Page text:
pina colada sitting in the sand on the beach

Taking a Break from the “Rules”

Since I’ve been diagnosed, I’ve been a very good rule follower. I’ve scheduled all my appointments including labs, CT scans, brain MRIs, and bone strengthener infusions exactly when recommended by my oncologist. I’ve never missed a dose of my targeted therapy medications. I’ve written down all questions I have between scans to bring to my quarterly appointments. Basically, I’ve tried to be a perfect patient. I think I have some deep seated belief that if I follow all the rules and become the “perfect” cancer patient, I’ll be as successful in suppressing my cancer as I was in school. Let’s see if I can get an A+ in cancer — haha!

A wave of scanxiety

In the week before my most recent set of scans, I had a pre-scan bout of scanxiety that was definitely much more than usual. I was not a fun person to be around; my tension translated into being really short-tempered at home with my family and pretty low in patience in general. Why did I feel this way? I wasn’t even sure why at the time myself but I’ve spent some time thinking about this experience since I received my scan results (all good!) and I think I’ve figured out the reason.

My upcoming 5-year cancerversary

My 5-year cancerversary will be December 26, 2018 and that’s a big deal to me. However, staying on my quarterly schedule of appointments and scans means that in addition to my most recent appointment, I would need to have one more set of scans right before my 5-year milestone. My husband and boys have been talking about a winter break trip to celebrate my 5 years, but I refused to plan it or even talk about it prior to my latest scans. It felt like bad luck. I decided that if these scans were good, I was going to ask my oncologist if I could postpone my usually quarterly scans an extra month and a half until January, after my cancerversary.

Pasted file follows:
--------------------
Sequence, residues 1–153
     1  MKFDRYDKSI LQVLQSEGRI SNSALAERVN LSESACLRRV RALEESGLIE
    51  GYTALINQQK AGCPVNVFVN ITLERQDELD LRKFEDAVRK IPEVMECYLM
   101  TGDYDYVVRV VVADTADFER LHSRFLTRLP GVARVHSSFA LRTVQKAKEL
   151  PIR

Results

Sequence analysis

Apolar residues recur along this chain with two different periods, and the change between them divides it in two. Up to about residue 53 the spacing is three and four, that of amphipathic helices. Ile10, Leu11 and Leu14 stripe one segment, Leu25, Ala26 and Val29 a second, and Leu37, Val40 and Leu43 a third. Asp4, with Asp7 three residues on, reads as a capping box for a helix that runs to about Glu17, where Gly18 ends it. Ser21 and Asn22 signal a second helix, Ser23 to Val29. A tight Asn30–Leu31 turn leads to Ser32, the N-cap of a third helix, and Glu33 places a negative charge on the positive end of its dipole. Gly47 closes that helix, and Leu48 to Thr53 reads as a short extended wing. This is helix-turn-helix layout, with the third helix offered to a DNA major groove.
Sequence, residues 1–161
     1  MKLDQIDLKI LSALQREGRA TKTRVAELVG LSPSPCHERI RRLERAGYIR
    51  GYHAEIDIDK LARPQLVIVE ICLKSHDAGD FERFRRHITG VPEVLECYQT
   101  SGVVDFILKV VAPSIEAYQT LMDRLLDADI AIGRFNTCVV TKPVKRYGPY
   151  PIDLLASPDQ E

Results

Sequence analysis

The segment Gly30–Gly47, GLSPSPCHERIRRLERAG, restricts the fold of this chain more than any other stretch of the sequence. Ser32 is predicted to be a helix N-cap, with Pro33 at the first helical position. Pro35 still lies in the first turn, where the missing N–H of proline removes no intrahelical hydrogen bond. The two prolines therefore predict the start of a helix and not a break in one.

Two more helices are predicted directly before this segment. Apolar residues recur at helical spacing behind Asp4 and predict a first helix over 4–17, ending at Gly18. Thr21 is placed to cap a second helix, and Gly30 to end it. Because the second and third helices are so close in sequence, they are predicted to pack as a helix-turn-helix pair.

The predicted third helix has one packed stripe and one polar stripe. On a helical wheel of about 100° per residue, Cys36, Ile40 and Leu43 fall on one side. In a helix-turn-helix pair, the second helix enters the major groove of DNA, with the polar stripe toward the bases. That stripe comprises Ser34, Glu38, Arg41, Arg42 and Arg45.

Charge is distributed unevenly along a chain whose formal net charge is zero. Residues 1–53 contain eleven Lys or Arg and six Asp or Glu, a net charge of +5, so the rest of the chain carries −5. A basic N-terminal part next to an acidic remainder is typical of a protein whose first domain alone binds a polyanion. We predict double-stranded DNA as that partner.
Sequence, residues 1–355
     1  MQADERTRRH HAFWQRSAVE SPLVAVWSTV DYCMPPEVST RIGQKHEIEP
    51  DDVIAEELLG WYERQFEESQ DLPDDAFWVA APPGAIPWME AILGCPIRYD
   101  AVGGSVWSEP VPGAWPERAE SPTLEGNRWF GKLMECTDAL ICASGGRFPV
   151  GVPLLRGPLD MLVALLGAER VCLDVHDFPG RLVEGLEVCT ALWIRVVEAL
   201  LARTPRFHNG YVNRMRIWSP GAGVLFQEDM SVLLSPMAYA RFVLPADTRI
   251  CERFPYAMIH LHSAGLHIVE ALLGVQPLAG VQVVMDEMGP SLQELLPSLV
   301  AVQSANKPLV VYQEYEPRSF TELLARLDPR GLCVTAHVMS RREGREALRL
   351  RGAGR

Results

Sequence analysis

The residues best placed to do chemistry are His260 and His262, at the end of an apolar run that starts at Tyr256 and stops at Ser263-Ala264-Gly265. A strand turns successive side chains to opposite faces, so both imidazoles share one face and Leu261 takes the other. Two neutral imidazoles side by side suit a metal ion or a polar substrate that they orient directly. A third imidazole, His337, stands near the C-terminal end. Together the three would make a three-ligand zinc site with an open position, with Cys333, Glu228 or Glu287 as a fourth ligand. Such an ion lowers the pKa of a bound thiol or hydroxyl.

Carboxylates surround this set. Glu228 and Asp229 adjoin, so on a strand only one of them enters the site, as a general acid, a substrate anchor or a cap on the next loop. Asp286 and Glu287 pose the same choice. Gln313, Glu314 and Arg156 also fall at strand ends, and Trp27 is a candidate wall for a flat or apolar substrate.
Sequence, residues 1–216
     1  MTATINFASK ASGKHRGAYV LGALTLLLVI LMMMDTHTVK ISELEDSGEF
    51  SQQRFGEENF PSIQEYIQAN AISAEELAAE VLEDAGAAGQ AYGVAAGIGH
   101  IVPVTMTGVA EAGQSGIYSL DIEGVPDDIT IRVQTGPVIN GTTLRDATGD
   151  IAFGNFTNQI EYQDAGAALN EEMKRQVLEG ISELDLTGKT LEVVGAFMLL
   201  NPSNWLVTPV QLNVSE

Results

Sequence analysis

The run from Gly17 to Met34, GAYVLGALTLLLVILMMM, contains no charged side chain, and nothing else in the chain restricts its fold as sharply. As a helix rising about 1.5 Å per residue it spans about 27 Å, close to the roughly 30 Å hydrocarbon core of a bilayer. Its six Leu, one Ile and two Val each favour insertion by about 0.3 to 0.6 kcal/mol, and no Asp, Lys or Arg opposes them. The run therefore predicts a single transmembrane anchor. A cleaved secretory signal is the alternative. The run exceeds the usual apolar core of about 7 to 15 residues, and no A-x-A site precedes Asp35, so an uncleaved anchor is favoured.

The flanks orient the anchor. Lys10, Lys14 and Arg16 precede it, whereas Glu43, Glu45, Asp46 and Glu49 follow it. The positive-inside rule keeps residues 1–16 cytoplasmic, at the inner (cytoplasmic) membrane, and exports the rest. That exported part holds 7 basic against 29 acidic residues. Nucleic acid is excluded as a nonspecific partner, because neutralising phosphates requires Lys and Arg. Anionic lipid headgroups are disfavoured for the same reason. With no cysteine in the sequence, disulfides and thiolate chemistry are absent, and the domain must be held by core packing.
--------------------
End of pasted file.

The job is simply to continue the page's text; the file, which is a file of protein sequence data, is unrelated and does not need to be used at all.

Allowing myself to break the “rules”

Even this THOUGHT of going against the “rules” threw me for a loop. I got really nervous that planning to ask for an extension if I had good scans would give me bad juju and result in bad scans. This doesn’t make rational sense, I know, but it’s hard to be rational and not superstitious when you have scanxiety. Anyway, I made it to my appointment, was blessed with stable scans, and tentatively asked my oncologist if I could postpone my next scans until January. She had absolutely no problem with it and I was relieved that she didn’t seem horrified that I would ask such a question!

So, I’ve been granted permission to break the rules now and I think I feel pretty ok about it. I’m planning to be sitting with my family on a beach somewhere, sipping a fruity drink with an umbrella to celebrate 5 years.

This article represents the opinions, thoughts, and experiences of the author; none of this content has been paid for by any advertiser. The LungCancer.net team does not recommend or endorse any products or treatments discussed herein. Learn more about how we maintain editorial integrity here.

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